April 27, 2012
What’s Happening in the Workplace?
“May you live in interesting times.” So goes the Chinese curse. And make no mistake, ours is one of the most “interesting times” we’ve ever experienced. I’ve been around long enough to remember working pre-computer, Internet, email, Apple products, and even pre-fax machines. The amount of change in my lifetime has been staggering and the […]
“May you live in interesting times.” So goes the Chinese curse. And make no mistake, ours is one of the most “interesting times” we’ve ever experienced. I’ve been around long enough to remember working pre-computer, Internet, email, Apple products, and even pre-fax machines. The amount of change in my lifetime has been staggering and the pace of that change is only increasing. More than that, my anxieties about keeping up, let alone getting ahead of the curve somehow, are also increasing.
A typical office space in 1962
More from Metropolis
The evolving office in 2012, equipped with Allsteel’s collaborative furniture collection, Gather
Those of us who create the workplace, including interior designers, strategists, manufacturers, real estate and other consultants have an added challenge: How do we keep up with new ways of working and the implications of these changes for the workplace? We believe that where we work can and should enable business success by aligning with the culture and objectives of the organization; supporting the effective performance of its members; using its resources and assets efficiently; and enabling rapid adaption to constant change. How that happens is also shifting at a really rapid pace.
It seems to me that our challenge is to avoid what I call self-referential thinking – the tendency to repeat to each other things we’ve heard to the point where we assume they’re true. In other words, we need to distinguish between real ‘best practices’ and groupthink.
“We are drowning in information, while starving for wisdom,” observed biologist Dr. Edward O. Wilson. “The world henceforth will be run by synthesizers, people able to put together the right information at the right time, think critically about it, and make important choices wisely.”
To help our clients make “important choices wisely,” we at Allsteel asked three thought-leaders, a somewhat outsider ‘group’ to give us their take on what’s happening, what we should do about it, and how we as a manufacturer and the workplace itself keep up as things change.
We’re convinced that our old processes and tools aren’t keeping up, and may never have been robust enough. The experts included:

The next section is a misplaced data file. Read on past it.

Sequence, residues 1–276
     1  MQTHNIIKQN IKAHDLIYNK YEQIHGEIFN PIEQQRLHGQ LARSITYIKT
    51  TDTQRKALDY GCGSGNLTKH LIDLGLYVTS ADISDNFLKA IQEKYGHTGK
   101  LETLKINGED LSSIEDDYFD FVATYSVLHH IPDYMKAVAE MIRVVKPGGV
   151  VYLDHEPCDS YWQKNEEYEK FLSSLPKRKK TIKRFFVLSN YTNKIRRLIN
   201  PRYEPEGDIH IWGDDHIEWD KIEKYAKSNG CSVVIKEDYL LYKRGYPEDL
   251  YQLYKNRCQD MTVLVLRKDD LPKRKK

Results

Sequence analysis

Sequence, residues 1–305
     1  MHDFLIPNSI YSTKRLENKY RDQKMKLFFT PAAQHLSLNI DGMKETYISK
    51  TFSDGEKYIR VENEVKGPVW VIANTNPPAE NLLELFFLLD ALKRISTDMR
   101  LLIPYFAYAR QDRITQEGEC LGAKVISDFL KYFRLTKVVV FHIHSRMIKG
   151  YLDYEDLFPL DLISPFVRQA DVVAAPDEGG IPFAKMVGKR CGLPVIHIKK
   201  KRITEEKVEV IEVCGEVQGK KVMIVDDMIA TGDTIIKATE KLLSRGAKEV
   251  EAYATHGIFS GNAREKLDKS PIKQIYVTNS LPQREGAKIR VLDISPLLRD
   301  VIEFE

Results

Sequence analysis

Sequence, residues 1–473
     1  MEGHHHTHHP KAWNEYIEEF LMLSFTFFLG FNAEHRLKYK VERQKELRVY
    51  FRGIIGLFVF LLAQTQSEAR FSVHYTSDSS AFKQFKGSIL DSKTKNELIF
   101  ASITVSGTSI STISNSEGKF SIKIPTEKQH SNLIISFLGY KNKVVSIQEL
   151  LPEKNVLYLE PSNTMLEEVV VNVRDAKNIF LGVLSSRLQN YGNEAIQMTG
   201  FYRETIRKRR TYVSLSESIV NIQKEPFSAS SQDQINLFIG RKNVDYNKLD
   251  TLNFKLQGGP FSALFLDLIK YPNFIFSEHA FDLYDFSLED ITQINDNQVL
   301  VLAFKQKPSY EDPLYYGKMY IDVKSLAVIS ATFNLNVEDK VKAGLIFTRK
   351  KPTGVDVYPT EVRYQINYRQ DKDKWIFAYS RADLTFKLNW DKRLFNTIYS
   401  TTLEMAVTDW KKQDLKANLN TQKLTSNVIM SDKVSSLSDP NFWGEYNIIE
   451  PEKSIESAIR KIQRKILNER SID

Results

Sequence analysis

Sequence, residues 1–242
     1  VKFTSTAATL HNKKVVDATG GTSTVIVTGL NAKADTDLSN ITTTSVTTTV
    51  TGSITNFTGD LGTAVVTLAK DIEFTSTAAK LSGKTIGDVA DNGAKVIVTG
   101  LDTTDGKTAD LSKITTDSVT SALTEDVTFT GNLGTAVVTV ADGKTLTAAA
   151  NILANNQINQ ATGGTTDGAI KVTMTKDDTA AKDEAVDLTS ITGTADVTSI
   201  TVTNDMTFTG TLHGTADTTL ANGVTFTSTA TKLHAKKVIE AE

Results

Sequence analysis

- Daniel P. Anderson, a partner at Anderson Porter Design and a lean-design practitioner affiliated with the Lean Construction Institute
- Judith Heerwagen, Ph.D., JH Heerwagen Assoc., environmental psychologist and now with the Office of Federal High Performance Green Buildings in the U.S. General Services Administration
- William Porter, Ph.D., FAIA, a partner at Anderson Porter Design and former dean of the School of Architecture at Massachusetts Institute of Technology; co-author of Excellence by Design: Transforming Workplace and Work Practice
They’ve given us a lot to chew on. They summarize emerging social norms and the latest research on environmental psychology, offering powerful insights into how and where work happens. When we can do our work anywhere, where do we choose to work?
They emphasize that organizations need to provide settings beyond those traditionally provided by “the office” and to develop a robust capability to continuously adapt settings and provisions as work evolves over time. What is the workplace when the workforce is hyper-mobile?
They suggest that mobility, collaboration and sustainable practices are clearly here to stay, but must be considered holistically, as part of a larger workplace strategy, in order to effectively support individuals and teams.
And they suggest ways to strike the right balance between over-thinking and SOME thinking needed to get the “fit” right, help companies find their way, and to (easily) adapt to constant change.
I hope you’ll join us here for the next six weeks for a special series exploring the ways work and the workplace are changing, and what we can do to ‘keep up’. We’re hoping that you’ll join the conversation, too.
Jan Johnson, FIIDA, is VP of Design and Workplace Resources at Allsteel, manufacturer of office furniture. She has focused on the correlation between business strategies and the workplace. She has a degree in interior design and a Master’s in business administration and has worked as an interior designer and strategic planner for her own firm and Perkins + Will, and as a workplace consultant for HOK/Consulting. She leads Allsteel’s Workplace Advisory team and the development and delivery of content and tools that support clients and design organizations as they plan, design and manage work environments.
This post is part of the Ways We Work series.